"the school has records of calls made to Mother telling her that her son was going to be suspended that day." "Mother said neither she nor her son knew he was set to be suspended that day, or he wouldn’t have shown up for school." (Names changed to Relationships for clarity.)
This sounds a lot like a case of mistaken communication with interpretations taken liberally by both sides. School probably called and said something like "He's gonna be suspended if he keeps coming in late" but might not have mentioned specifics. I can remember when my school called (kept careful records) but never actually talked to a parent - since neither was home during the day when the administrators called.
On her side, Mother might have figured that if she dropped him off and made a quick getaway, she could be rid of him for the day - the school might not go to the trouble of calling to have him removed. He does sound like a real PITA.
The lawyers are going to have to decide that, but I have my suspicions and it's because of some later statements by the school.
As an aside, we have the obvious question of why "suspension for lateness" makes sense. I mean, you have the kid there and that ought to be your purpose all along, no? Put him in a Special study hall, make him serve after school detentions or something that keeps him there and makes your point. If the true reason for suspension is something else, that needs to be said or you will never address your real problems.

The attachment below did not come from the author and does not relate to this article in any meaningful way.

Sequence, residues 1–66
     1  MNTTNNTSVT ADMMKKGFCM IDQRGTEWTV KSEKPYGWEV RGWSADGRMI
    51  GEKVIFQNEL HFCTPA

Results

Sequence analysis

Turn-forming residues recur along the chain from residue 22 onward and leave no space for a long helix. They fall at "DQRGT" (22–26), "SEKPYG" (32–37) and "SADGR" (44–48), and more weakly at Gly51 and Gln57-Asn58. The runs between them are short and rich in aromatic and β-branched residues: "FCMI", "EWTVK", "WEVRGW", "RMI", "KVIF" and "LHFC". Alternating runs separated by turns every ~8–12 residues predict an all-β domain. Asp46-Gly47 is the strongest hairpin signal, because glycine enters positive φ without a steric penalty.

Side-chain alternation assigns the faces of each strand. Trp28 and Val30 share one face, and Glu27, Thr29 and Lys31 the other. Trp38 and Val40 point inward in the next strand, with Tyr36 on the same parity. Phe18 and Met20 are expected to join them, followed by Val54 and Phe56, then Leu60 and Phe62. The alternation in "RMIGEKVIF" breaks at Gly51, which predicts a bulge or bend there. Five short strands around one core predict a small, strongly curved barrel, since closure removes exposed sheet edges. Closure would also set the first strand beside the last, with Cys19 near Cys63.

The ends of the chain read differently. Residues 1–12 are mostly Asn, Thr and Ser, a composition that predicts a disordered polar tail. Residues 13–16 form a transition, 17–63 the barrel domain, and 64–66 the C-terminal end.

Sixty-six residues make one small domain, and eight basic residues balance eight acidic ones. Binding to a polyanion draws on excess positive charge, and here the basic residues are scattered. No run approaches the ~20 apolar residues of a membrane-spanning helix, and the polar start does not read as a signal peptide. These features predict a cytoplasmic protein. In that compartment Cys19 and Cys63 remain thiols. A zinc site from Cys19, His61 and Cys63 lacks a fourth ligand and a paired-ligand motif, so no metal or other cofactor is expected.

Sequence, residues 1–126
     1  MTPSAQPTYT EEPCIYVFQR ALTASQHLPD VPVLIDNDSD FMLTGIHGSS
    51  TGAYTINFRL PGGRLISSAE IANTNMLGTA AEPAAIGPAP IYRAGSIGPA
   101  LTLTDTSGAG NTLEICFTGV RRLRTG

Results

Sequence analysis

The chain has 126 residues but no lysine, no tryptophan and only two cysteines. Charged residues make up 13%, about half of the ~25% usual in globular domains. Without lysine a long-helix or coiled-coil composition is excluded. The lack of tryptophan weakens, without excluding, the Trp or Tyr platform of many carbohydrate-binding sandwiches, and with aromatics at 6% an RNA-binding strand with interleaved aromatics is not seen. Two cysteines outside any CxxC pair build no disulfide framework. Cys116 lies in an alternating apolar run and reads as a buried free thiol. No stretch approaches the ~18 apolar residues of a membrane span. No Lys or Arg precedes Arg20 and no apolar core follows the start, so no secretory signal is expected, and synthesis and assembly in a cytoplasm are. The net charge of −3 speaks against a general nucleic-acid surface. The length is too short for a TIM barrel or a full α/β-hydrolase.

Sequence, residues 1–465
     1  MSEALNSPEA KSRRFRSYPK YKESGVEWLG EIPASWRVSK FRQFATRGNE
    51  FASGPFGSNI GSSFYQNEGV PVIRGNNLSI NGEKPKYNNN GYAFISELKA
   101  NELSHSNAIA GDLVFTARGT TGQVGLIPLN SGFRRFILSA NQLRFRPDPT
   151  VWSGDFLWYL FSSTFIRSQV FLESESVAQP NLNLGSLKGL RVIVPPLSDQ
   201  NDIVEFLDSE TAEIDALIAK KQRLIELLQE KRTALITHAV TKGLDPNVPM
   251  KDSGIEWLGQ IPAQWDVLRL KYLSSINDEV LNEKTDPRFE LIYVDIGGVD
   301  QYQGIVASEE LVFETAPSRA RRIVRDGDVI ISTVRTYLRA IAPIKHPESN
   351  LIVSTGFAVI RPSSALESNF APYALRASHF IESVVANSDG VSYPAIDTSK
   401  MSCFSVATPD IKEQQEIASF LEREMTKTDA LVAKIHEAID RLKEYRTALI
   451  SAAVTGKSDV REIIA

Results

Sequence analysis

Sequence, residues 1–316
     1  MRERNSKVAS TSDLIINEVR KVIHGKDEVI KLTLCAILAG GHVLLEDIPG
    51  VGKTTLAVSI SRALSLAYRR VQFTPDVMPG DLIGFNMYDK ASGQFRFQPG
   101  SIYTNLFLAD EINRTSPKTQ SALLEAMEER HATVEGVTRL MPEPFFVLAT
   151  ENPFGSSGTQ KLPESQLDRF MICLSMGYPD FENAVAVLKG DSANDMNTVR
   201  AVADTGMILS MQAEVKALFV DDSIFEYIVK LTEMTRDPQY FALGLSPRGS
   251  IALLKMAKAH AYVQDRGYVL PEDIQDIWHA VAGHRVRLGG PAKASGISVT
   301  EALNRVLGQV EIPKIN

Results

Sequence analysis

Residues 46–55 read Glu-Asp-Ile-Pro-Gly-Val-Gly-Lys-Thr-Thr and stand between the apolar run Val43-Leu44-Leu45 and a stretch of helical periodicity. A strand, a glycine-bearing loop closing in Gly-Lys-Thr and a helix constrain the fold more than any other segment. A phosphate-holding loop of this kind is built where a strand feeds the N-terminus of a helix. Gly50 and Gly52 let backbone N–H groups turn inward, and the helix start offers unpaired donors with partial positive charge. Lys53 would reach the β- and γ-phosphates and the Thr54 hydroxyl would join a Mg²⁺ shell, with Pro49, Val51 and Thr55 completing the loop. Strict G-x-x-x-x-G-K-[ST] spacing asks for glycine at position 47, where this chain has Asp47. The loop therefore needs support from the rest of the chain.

So what is my smoking gun here? A few statements from the "Human Resource Officer" ...
"He was finally told to leave the building. At that point, he was trespassing." and "would never have been removed from the building had he remained calm"But he wasn't really being raucous or violent, he was being a goofball. Why exaggerate?
"Had he not kept sneaking into the building and roaming around" and "He was being insubordinate with the principal and also not following protocol"Don't you love it - now he's being "insubordinate" and not "following protocol." Let's use serious terms so people won't notice how silly this whole thing is. I find that school administrators resort to this kind of talk when they know they're going too far, when they know that simply stating facts won't look good, when they know they screwed up and are trying to CYA.
For my part, though, the biggest screw up was this line from the HRD (a dehumanizing title, if I've ever heard one - just call the woman Dean of Students or Attendance Secretary) ...
"He’s failing all of his classes and he failed all of last semester, too. He’s not coming in, and is playing games when he is here."Have you never heard of FERPA, lady? This bit of information was told to a REPORTER. Besides being immaterial to the case at hand, this information comes under the category of Educational Records and it is PRIVATE.
Moron. If they are resorting to this level, they are almost always trying to cover up their own mistakes. Even if the school district is not actually at fault in any way and did everything else exactly right and the mother and kid are completely in the wrong, this HRD needs to rethink her public relations, at least.